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I was actually looking into the meaning of the word run-up after seeing this question. Well after seeing Michael's comment actually, but yeah.

When I Googled the word, I got the following result:

  1. the period preceding a notable event. "a programme aimed at lowering unemployment in the run-up to the next election"

  2. an act of running briefly to gain momentum before performing a jump in athletics, bowling in cricket, etc. "high jumper Steve Smith will use his shortened five-stride run-up"

...and many more.

Now I fairly understood which meaning of run-up was intended in that question. However, the second entry shows this sentence where the phrase "high jumper" is used. Now I looked into the what the word jumper means here, but could not deduce my observations. Jumper has following entries in the Sports category meanings on Google:

  1. a person or animal that jumps. "the horse should be a better jumper this season"

    Basketball - another term for jump shot.

Now I really can't understand which meaning is intended in this context. Steve Smith doesn't jump while batting, I mean that's kind of weird. He isn't playing Basketball either.

Is it referring to the motion of him coming forward to hit the ball, like players do when they hit a six (they come considerably away from the stumps to hit the ball)? Also I would appreciate if someone gave me the word for the above described motion (coming forward to hit the ball in cricket), I believe it has a term.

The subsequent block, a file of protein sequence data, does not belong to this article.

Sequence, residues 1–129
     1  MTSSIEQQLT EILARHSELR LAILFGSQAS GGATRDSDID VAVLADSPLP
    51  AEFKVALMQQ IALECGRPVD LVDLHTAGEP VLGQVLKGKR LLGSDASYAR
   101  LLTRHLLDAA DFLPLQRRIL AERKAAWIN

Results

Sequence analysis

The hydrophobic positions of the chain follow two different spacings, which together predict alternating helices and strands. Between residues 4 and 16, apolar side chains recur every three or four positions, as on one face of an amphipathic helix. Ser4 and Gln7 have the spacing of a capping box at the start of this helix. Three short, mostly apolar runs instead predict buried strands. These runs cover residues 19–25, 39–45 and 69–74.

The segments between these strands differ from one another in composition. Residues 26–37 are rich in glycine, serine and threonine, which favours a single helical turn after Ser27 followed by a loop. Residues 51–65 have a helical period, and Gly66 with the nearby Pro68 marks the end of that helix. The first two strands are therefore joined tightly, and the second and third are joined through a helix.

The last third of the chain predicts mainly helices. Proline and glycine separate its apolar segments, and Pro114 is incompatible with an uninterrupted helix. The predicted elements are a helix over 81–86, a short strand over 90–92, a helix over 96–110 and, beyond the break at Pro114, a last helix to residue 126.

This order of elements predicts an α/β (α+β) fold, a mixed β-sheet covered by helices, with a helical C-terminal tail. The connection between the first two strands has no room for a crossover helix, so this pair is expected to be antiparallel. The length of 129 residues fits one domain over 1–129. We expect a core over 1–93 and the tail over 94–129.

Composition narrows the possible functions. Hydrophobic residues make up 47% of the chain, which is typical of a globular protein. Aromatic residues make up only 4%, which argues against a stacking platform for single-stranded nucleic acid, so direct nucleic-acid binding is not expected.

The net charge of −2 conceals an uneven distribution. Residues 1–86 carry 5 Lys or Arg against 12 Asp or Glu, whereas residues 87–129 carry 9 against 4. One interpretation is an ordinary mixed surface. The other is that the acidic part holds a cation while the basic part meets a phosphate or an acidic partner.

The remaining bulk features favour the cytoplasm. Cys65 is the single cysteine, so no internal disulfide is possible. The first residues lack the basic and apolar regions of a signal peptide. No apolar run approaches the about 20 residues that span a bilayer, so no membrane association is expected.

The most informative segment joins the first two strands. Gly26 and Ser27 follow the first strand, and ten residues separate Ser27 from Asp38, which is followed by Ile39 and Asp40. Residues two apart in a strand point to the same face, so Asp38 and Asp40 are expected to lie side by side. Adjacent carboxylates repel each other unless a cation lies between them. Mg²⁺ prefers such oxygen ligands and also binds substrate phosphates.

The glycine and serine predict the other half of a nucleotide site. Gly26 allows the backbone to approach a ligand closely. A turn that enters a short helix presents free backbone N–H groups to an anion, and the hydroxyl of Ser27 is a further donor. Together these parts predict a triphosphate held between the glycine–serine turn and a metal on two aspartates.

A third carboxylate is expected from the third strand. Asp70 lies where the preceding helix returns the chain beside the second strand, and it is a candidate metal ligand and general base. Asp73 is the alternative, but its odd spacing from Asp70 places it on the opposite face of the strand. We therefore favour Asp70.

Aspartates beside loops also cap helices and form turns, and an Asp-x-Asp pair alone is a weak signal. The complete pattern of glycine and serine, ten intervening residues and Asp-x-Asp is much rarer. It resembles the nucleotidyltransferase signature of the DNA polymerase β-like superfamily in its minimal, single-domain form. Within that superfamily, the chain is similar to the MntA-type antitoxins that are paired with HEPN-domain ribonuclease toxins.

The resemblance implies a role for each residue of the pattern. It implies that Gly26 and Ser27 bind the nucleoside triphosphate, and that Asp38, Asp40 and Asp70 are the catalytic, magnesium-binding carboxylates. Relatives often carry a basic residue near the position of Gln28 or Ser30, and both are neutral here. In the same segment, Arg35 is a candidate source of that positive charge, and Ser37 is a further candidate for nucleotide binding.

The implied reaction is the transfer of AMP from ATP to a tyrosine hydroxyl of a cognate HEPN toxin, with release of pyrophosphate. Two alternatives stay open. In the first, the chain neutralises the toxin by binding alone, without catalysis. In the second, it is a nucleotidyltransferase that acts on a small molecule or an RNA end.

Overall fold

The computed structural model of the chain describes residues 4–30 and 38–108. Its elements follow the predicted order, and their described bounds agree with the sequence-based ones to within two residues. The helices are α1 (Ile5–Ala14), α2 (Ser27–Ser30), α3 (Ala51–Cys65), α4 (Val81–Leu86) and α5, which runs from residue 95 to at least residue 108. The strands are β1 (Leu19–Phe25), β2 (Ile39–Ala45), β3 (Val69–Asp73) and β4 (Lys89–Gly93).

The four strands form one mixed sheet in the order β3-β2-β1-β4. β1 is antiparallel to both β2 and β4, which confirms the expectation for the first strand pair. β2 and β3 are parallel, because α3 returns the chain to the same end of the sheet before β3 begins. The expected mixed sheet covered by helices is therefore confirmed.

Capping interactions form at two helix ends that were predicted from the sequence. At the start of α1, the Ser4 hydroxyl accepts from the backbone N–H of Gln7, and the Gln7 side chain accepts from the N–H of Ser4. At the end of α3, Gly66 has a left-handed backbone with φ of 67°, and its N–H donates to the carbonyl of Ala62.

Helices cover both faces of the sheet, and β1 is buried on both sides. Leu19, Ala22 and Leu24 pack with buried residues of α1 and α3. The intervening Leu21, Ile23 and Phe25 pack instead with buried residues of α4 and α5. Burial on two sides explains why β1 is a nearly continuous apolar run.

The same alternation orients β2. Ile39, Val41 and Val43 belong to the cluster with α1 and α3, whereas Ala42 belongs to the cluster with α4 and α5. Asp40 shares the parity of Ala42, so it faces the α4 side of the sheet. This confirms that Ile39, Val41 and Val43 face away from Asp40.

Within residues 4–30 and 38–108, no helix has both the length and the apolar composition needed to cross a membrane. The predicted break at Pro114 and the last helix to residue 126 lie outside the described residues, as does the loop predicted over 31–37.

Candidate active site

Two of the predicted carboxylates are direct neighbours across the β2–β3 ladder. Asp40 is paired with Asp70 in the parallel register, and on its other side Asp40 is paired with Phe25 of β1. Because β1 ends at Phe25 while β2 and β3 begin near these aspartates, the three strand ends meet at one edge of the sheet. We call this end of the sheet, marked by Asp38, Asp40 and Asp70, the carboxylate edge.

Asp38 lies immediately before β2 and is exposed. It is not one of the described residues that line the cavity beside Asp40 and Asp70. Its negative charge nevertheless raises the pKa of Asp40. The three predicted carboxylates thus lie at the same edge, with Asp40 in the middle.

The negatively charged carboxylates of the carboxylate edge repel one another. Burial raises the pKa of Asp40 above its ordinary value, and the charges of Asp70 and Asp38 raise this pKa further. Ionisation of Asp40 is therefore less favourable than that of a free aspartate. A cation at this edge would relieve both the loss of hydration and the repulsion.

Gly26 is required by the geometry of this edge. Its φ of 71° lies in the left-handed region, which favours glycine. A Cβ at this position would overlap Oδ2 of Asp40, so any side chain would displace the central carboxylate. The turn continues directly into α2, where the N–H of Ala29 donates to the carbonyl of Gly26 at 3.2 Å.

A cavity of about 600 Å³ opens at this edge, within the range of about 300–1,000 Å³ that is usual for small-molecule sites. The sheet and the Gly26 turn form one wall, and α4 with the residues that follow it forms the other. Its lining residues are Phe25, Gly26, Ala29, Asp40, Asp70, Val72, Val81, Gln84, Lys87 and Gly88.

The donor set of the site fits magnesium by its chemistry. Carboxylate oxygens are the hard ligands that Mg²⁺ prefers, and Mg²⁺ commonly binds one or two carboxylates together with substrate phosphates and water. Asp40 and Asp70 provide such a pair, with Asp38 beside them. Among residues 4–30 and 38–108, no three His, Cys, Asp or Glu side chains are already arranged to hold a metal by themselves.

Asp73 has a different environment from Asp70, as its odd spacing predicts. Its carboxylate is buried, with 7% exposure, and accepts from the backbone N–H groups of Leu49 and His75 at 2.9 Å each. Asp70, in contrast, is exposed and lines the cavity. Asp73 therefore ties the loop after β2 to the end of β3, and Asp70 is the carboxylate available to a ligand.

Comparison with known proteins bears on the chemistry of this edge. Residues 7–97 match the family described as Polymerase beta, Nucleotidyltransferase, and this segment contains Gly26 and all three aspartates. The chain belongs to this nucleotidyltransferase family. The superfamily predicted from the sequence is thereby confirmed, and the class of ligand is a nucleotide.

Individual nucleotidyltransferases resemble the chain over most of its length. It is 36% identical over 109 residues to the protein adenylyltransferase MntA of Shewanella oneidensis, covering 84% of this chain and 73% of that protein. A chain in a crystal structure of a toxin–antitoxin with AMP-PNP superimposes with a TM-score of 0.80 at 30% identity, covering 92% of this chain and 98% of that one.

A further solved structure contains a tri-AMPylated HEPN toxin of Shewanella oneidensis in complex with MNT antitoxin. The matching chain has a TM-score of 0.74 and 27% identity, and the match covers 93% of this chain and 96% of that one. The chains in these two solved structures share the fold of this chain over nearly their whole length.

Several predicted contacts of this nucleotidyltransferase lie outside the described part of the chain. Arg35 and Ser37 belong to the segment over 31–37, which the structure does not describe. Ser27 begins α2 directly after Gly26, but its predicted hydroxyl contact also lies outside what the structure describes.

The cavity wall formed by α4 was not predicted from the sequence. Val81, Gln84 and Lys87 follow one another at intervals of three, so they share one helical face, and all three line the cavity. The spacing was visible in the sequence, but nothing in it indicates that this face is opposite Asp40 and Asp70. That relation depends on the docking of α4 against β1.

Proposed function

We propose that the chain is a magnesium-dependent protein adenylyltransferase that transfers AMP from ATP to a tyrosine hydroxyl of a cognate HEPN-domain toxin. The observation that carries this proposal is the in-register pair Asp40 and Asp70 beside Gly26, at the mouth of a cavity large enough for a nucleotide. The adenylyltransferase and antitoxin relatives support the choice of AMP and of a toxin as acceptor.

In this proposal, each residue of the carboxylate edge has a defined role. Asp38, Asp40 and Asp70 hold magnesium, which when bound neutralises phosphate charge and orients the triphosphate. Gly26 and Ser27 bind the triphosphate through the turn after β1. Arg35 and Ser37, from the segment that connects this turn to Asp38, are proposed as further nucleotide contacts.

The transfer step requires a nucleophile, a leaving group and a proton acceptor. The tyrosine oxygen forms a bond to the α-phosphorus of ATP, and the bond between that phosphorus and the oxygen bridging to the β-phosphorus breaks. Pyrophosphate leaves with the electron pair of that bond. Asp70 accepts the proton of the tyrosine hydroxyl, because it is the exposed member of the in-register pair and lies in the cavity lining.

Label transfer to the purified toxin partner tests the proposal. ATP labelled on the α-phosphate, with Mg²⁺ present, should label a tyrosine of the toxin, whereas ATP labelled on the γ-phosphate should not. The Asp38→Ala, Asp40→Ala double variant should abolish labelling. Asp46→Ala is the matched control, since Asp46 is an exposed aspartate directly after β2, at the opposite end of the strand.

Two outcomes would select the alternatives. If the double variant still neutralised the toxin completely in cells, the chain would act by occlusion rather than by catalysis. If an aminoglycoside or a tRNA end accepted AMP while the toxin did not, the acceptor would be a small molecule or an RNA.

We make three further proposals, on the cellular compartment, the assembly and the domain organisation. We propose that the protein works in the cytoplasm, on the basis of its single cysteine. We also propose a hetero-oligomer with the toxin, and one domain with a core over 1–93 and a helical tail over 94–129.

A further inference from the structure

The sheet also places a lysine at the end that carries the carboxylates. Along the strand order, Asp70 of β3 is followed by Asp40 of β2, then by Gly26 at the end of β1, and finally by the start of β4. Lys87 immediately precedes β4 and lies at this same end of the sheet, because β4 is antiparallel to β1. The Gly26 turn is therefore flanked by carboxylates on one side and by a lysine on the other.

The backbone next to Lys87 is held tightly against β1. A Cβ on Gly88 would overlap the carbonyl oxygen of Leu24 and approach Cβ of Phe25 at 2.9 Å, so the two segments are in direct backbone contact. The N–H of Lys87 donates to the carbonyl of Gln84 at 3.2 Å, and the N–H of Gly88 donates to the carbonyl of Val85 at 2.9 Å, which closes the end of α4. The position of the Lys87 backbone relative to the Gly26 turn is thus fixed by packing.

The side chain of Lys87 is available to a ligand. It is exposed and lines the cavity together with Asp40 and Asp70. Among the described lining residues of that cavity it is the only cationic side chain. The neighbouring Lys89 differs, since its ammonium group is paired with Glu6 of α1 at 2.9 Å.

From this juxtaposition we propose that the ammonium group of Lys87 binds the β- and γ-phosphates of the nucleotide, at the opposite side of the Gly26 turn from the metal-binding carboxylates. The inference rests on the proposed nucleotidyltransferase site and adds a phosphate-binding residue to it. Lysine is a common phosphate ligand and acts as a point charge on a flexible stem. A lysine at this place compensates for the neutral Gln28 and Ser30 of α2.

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    The high jump is a sports event. Steve Smith is a high jumper. – Weather Vane Dec 5 '20 at 17:27
  • @WeatherVane Ohh I know this game. I have seen it in Olympic events. So is Steve Smith here actually a gymnast or like a person who actually plays this sport of high jump? – Dhanishtha Ghosh Dec 5 '20 at 17:29
  • Yes, "high jumper Steve Smith..." is like saying "cricketer Don Bradman..." – Weather Vane Dec 5 '20 at 17:30
  • My my, I literally thought it was the Australian Cricketer Steve Smith. Seriously, can't Google have used some other name! – Dhanishtha Ghosh Dec 5 '20 at 17:31
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    He is the athlete: "high jumper Steve Smith will use his shortened five-stride run-up" is like "cricketer Don Bradman will cut the ball through the slips." – Weather Vane Dec 5 '20 at 17:33
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The high jump is an athletic event. The athlete jumps over a horizontal pole. A "high jumper" is an athlete that competes in the high jump competition.

To jump over the pole, high jumpers run-and-jump. So they have a run-up. Apparently, Steve Smith shortened his run-up to five strides. Here is a video of Steve Smith jumping:

https://www.youtube.com/watch?v=yeIZpxOinRA

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